The ships:
San Andrés - Master Francisco de Huertos
San Esteban - Master Franciso del Huerto
Espírutu Santo - Master Damián Martín
Santa Maria de Yciar - Master Alonso Ojos and Captain and pilot, Miguel de Jáuregi, the ship's owner.

Santa Maria de Yciar - ship of 220 tons that had 20 officers and 7 ship's boys.
It was armed with 10 pieces of heavy artillery, 22 versos, and had 5000 #of hardtack, 2 barrels of meat, 50 barrels of water, olive oil, beans and vinegar.
22,000 pounds of cochineal, 1226 cow hides, 13 barrels of sugar, and about 27,500 pounds of silver/gold

April 29, 1554
All except the San Andres were wrecked in a storm on Padre Island. Hurricane season is between June and October. Since the ships were wrecked in April, it is probably the result of a Spring or Vernal Equinox storm (March 21) - a Norther. The San Andres limped into Havana Harbor in near sinking condition. The San Andres was off loaded onto Farfan's ship and that ship ended up sinking off the coast of Portugal. In the salvage of that ship, only about 150,000 pesos of the 375,000 pesos on Farfan's register arrived in Spain. The notorious pirate Pie de Palo (Peg-leg) tried to horn in on the salvage of the ship in Portugal.

The three ships wrecked on Padre Island carried 304 people. Probably at least half made it ashore and most of these were then killed by Indians while attempting to walk back to Tampico along the coast. The women and children were killed between the Las Palmas and Panuco Rivers. Ca. 30 survived, including a monk, who ended up in a monastery in Peru. The monk writes an account of the wreck and the trek back to civilization, some 32 years after the incident.

July 21, through September 12, 1554
Spanish Salvage expedition at site salvaging the lost cargo.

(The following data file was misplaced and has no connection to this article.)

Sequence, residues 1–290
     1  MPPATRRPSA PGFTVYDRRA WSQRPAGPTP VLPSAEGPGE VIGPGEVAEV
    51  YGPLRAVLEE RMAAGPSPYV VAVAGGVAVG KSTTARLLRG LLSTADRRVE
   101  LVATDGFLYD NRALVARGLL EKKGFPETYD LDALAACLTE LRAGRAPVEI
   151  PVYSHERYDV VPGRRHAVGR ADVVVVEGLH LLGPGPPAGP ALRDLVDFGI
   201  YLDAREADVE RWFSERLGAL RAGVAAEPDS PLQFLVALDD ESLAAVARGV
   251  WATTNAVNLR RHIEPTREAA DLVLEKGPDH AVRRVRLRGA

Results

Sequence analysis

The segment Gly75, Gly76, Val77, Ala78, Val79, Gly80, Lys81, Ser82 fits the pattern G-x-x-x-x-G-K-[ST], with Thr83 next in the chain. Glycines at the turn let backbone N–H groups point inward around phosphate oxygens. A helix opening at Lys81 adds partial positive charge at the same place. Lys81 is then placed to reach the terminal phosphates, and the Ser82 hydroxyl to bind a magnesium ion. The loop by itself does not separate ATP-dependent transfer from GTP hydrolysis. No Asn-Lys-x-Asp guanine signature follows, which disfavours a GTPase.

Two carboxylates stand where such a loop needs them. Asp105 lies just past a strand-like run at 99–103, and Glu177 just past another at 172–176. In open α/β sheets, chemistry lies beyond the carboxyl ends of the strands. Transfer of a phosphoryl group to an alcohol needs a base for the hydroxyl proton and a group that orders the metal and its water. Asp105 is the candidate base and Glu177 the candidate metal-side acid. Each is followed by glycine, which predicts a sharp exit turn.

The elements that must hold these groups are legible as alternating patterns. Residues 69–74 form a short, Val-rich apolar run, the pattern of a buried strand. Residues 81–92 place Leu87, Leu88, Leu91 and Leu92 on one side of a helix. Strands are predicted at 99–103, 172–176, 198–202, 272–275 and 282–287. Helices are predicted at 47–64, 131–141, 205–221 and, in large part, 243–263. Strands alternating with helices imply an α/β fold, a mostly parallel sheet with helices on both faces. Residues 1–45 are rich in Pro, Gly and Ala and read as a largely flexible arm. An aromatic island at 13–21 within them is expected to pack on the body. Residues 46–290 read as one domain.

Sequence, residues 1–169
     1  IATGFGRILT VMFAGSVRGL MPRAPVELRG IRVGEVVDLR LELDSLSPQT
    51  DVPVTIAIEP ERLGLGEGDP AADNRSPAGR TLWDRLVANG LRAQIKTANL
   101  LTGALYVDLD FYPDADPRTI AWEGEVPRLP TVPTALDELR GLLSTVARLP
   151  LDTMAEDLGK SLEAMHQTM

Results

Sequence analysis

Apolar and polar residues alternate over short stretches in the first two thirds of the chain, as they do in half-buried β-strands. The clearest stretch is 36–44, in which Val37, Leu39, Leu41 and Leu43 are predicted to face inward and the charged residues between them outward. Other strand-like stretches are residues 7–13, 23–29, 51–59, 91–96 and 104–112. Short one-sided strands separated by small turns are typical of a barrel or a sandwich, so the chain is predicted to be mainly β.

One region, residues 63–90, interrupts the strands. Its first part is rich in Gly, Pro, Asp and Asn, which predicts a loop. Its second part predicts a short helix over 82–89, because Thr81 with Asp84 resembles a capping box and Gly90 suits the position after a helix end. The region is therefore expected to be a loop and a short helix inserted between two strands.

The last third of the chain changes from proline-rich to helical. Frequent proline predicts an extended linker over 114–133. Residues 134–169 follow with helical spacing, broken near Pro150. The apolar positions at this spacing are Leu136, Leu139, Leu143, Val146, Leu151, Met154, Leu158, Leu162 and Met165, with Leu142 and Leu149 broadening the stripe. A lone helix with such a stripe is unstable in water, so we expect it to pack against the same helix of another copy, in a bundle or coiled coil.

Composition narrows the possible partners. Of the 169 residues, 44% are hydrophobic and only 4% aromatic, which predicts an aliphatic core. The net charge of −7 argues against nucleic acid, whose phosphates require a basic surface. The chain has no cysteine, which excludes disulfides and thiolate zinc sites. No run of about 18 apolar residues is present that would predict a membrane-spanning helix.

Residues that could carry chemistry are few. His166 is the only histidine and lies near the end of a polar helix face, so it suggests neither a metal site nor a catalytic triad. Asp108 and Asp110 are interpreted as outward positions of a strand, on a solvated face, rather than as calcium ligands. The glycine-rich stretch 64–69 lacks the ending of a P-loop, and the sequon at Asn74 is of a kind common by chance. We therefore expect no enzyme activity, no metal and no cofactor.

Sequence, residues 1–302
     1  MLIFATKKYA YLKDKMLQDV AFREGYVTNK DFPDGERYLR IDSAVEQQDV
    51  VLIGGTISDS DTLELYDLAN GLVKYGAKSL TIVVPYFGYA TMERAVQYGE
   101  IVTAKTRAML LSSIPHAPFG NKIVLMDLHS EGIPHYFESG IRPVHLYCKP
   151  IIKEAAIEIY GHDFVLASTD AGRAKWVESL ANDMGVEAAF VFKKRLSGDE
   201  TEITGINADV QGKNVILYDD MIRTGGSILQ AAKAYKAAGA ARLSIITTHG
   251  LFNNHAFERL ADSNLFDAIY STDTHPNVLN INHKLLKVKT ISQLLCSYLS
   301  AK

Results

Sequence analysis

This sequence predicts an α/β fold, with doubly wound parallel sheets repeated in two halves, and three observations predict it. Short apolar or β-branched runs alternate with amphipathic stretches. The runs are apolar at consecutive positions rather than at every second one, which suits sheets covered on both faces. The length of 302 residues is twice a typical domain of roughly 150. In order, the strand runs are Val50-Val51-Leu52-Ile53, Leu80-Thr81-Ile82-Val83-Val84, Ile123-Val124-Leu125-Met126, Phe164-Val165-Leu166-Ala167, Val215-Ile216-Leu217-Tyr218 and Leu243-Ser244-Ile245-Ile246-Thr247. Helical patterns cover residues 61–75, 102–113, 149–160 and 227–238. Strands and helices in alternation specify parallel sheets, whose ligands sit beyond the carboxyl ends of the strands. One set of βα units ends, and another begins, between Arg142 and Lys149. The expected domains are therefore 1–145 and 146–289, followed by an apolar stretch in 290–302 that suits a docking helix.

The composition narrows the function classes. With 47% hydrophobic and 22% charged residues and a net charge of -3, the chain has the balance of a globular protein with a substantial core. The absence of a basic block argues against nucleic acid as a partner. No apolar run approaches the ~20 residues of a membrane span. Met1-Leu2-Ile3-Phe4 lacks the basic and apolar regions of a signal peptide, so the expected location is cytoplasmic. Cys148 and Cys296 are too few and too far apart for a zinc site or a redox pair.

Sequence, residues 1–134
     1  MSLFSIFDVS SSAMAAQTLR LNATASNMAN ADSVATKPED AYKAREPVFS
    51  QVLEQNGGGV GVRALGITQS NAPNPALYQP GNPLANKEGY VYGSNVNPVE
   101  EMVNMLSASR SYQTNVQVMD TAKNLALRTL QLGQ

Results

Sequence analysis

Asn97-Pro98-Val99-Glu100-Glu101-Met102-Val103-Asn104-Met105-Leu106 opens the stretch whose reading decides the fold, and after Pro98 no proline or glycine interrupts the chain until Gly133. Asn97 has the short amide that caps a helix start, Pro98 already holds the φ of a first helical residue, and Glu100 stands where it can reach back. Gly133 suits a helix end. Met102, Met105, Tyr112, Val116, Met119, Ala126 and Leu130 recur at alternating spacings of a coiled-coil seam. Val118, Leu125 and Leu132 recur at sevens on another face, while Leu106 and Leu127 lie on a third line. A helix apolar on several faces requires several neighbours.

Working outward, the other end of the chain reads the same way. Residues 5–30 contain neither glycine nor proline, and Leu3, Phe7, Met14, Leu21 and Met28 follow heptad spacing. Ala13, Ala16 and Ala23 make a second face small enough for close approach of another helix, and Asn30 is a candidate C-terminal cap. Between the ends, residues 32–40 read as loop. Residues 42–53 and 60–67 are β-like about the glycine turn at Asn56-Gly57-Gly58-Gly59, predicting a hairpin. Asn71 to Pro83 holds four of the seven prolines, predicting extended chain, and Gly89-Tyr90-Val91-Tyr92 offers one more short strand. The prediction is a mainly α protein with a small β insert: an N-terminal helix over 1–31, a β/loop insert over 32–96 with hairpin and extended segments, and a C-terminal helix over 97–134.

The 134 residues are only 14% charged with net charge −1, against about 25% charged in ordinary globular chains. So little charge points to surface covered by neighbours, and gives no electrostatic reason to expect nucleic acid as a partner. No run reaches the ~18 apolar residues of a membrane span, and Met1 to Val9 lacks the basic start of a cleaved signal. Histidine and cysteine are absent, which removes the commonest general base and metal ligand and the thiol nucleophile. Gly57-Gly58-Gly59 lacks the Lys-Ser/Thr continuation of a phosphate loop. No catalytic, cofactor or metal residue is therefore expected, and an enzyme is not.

Archive records place the wrecks at 26 degrees 30 minutes, actually is 26 degree, 45 minutes.
The three ships carried a combined total of 87,000 pounds of precious metal (if all silver, approx. 6.6 million dollars with silver at 4.75 an ounce.)
Approx. 35,801 pounds were salvaged,
Leaving 51,330 unaccounted for.
State of Texas and Platoro salvaged less than 500 pounds of silver, and two gold bars.

Spanish recovered about 40% of the precious metal. Of course most of the remaining cargo was pretty much a total loss.
Example- Santa Maria Yciar, about 41% of the silver/gold was recovered.
Of approx. 15,000 pound s of treasure, only 6,225 pounds was recovered.

Fall 1967
Platoro, Ltd. an Indiana treasure hunting corporation, out of Gary, Indiana, located and worked the site of the Espiritu Santo, located about three miles north of the Mansfield Cut. Unknown salvagers some time prior to 1967 had also been on the San Esteban, and the site of the Santa Maria de Yciar was destroyed when the Mansfield Cut was dredged though Padre Island in the late 1940's . Coins and other artifacts continue to show up in the dredge piles along the Mansfield Cut, near the site of the wreck.

September, 1969
The Texas Antiquities Code went into effect.

Judge Martineaur, of Brownsfield, TX placed the Platoro Collection in the custody of the Texas Archaeological Research Laboratory.

Summer, 1972 & 1973
The Texas Antiquities Committee located and excavated the San Esteban, located some 5 miles north of the Mansfield Cut.

Miscellaneous surveys and excavations have continued over the years at the sites of the Santa Maria de Yciar and the San Esteban.

Major significance of the 1554 Plate Fleet Wrecks:

Data on mid-16th-century Spanish armaments

Data on the coinage of the first mint established in Mexico

Data on smelting of silver/gold in the 16th century.

Data on silver marks found on silver bullion.

Data on navigational instruments